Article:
José Amador: Not just the stories, but the fantastical nature of the stories. Hugely Romantic amid humble settings ending up in humanity. That to me is what the best theater is. The “Fred Astaire of Santurces.” The fate of his wife. This plays into the “not theater” bullshit, doesn’t it? That it’s “just storytelling.”
Seattle Star: I think that’s a discussion theater people aren’t ready to have. Are we to suggest that there is some hierarchy in which “drama” is reserved for the refined, the rich, the white–while “oral cultures” are to be looked down on as “mere” storytellers? This is a prejudice that minorities who come from oral cultures can help to eliminate, I think, but only by actually being considered worthy of discussion as theater.
That’s why we’re here talking right now.
José Amador: Well, I never bought into the bullshit anyway. As for the show, I can say that I actively nurtured the fantastical in it, the unreal to access the real, to instill a sense of something grander for the audience. I can only hope I succeeded.
Seattle Star: The fashionable way to talk about your piece these days would be in terms of representation.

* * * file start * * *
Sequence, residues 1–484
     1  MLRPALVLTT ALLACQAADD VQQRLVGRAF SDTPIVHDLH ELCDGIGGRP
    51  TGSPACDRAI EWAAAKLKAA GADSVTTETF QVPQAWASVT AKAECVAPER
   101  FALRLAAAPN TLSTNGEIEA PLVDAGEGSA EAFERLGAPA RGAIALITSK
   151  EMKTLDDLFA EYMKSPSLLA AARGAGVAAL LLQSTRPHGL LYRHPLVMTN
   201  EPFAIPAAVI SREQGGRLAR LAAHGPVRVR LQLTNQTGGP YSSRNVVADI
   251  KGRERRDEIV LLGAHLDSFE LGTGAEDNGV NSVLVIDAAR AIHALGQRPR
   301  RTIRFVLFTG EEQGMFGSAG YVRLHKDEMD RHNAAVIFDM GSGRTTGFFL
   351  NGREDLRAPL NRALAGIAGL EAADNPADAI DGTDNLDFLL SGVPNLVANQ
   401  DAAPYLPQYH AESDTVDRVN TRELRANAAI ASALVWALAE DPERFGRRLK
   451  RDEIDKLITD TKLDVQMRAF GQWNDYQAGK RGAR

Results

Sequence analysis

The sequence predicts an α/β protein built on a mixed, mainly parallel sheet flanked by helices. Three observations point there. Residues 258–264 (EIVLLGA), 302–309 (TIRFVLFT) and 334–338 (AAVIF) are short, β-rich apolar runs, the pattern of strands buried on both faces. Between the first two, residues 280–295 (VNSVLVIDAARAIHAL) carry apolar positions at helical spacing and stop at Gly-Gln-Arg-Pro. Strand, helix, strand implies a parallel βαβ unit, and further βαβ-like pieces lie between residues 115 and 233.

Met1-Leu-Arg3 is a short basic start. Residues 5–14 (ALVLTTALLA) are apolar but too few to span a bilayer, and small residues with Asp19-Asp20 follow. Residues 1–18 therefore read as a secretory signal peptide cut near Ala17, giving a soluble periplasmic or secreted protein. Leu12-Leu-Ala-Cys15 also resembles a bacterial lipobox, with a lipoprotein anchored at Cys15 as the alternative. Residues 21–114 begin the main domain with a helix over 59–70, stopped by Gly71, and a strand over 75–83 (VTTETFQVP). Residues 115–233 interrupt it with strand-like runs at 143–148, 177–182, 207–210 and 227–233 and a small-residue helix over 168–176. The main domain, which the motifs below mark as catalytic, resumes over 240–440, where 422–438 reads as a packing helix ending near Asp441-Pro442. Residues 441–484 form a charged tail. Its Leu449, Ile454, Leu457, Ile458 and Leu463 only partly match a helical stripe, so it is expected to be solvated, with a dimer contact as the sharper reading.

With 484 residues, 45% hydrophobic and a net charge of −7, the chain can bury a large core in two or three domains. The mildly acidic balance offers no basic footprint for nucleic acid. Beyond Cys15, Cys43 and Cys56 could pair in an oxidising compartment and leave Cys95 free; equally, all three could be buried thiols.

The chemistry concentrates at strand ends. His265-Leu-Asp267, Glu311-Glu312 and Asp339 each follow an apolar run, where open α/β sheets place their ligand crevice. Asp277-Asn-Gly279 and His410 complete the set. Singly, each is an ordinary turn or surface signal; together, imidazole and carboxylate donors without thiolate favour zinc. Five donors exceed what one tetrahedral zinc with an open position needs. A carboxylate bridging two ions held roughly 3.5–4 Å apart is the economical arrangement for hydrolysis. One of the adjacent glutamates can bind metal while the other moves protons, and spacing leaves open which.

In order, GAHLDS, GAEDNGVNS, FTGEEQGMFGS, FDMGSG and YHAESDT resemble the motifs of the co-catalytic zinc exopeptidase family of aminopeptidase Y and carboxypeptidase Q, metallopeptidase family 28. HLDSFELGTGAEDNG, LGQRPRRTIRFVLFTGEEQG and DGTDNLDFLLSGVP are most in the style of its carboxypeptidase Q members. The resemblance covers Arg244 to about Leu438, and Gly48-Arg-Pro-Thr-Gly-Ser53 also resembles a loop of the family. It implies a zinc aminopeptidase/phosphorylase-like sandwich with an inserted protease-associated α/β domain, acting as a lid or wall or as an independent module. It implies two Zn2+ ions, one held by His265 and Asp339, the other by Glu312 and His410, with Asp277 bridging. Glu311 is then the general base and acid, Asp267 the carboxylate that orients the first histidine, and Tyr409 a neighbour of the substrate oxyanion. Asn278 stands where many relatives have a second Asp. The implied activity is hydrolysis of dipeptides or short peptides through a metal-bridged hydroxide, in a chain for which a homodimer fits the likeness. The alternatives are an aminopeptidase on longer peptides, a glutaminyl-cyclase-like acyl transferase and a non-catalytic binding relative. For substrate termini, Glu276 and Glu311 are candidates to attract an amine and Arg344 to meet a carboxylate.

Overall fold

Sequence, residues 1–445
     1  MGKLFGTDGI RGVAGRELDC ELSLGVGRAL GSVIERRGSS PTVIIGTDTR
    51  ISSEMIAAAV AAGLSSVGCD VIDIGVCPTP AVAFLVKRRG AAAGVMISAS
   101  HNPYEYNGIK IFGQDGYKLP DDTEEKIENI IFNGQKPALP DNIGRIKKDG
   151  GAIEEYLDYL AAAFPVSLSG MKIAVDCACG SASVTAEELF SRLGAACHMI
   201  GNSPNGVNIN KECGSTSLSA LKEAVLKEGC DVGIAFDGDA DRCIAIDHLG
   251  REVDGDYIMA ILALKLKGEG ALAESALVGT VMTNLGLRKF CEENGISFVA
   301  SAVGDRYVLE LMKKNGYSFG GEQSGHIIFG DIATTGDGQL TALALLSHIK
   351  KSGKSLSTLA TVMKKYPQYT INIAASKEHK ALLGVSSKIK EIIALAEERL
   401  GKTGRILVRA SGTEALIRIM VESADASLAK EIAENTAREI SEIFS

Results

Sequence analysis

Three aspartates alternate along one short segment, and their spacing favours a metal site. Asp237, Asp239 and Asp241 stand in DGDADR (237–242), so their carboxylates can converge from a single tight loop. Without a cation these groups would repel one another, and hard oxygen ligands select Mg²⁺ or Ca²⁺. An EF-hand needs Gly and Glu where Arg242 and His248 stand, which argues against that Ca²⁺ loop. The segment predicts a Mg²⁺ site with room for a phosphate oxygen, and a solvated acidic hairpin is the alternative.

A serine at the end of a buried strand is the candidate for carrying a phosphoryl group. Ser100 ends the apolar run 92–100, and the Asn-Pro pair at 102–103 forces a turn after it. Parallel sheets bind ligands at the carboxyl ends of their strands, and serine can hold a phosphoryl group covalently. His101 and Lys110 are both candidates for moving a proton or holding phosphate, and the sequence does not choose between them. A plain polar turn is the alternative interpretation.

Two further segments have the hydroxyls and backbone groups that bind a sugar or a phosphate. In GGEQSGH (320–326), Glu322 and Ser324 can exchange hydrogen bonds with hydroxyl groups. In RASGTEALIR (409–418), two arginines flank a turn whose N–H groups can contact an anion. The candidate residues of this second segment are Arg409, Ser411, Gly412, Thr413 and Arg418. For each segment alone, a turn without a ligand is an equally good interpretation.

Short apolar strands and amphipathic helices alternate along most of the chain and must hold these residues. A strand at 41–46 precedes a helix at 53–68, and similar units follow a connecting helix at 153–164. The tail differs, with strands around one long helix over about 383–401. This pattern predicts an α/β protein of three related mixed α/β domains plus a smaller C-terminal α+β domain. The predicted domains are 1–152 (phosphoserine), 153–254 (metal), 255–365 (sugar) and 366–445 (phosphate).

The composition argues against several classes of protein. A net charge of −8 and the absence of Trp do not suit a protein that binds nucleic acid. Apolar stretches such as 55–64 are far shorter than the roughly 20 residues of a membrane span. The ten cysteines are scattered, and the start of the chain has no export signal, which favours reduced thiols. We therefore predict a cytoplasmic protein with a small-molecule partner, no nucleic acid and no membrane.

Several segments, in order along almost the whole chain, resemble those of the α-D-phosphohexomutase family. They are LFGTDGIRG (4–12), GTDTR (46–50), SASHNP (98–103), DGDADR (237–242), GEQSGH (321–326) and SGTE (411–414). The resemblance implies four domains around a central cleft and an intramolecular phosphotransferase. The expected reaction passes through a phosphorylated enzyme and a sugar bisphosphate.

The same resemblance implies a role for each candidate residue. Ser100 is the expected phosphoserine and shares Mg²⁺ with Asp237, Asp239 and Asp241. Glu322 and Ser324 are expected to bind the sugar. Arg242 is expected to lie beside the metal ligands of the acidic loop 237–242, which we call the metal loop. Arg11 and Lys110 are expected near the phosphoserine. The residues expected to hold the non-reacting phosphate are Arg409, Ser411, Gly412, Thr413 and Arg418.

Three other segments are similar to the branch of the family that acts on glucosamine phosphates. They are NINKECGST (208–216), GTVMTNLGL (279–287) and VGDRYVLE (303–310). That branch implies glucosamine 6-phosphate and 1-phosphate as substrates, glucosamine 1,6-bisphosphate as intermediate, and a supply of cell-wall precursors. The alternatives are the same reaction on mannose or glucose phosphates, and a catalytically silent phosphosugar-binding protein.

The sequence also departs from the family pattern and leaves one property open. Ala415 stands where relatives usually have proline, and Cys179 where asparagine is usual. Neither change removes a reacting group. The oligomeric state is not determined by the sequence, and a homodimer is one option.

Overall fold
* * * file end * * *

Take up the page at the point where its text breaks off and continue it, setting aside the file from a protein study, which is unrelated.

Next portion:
José Amador: Like in “I’m representing Puerto Ricans?”
Seattle Star: Yes. I think that’s the angle reporters want.
José Amador: But I’m not. I’m nowhere near a representation of “the average Puerto Rican”.
Seattle Star: Is there even such a thing? If the “average” Puerto Rican were portrayed on a stage, would middle class America recognize her? My experience of hearing Puerto Rico mentioned in the continental US is that it tends to be discussed as a mysterious, exotic place of music, poor people and palm trees. It’s in the most generalized clichés of “Latin America”–whatever that means.
José Amador: So, I guess if I were to put it in terms of “representation” I’m trying to bring/instill a deeper level of understanding to those stereotypes. A sense that those things come from somewhere.
I remember when I was prepping the show for its inaugural run at the Paradise in Chimacum, talking to someone about the show Big Blue Marble. That seemed to have some guiding hand in the contents initially. I loved that show as a kid in Puerto Rico. The theme song gets stuck in my head often.
Seattle Star: Same here. Something about those old public TV shows still strikes me. People are just who they are. There’s no, “Hey, let’s go talk to Maria to see what all Latinas think!” kind of shit that happens now. Maria’s just Maria. Easy Reader is just Easy Reader.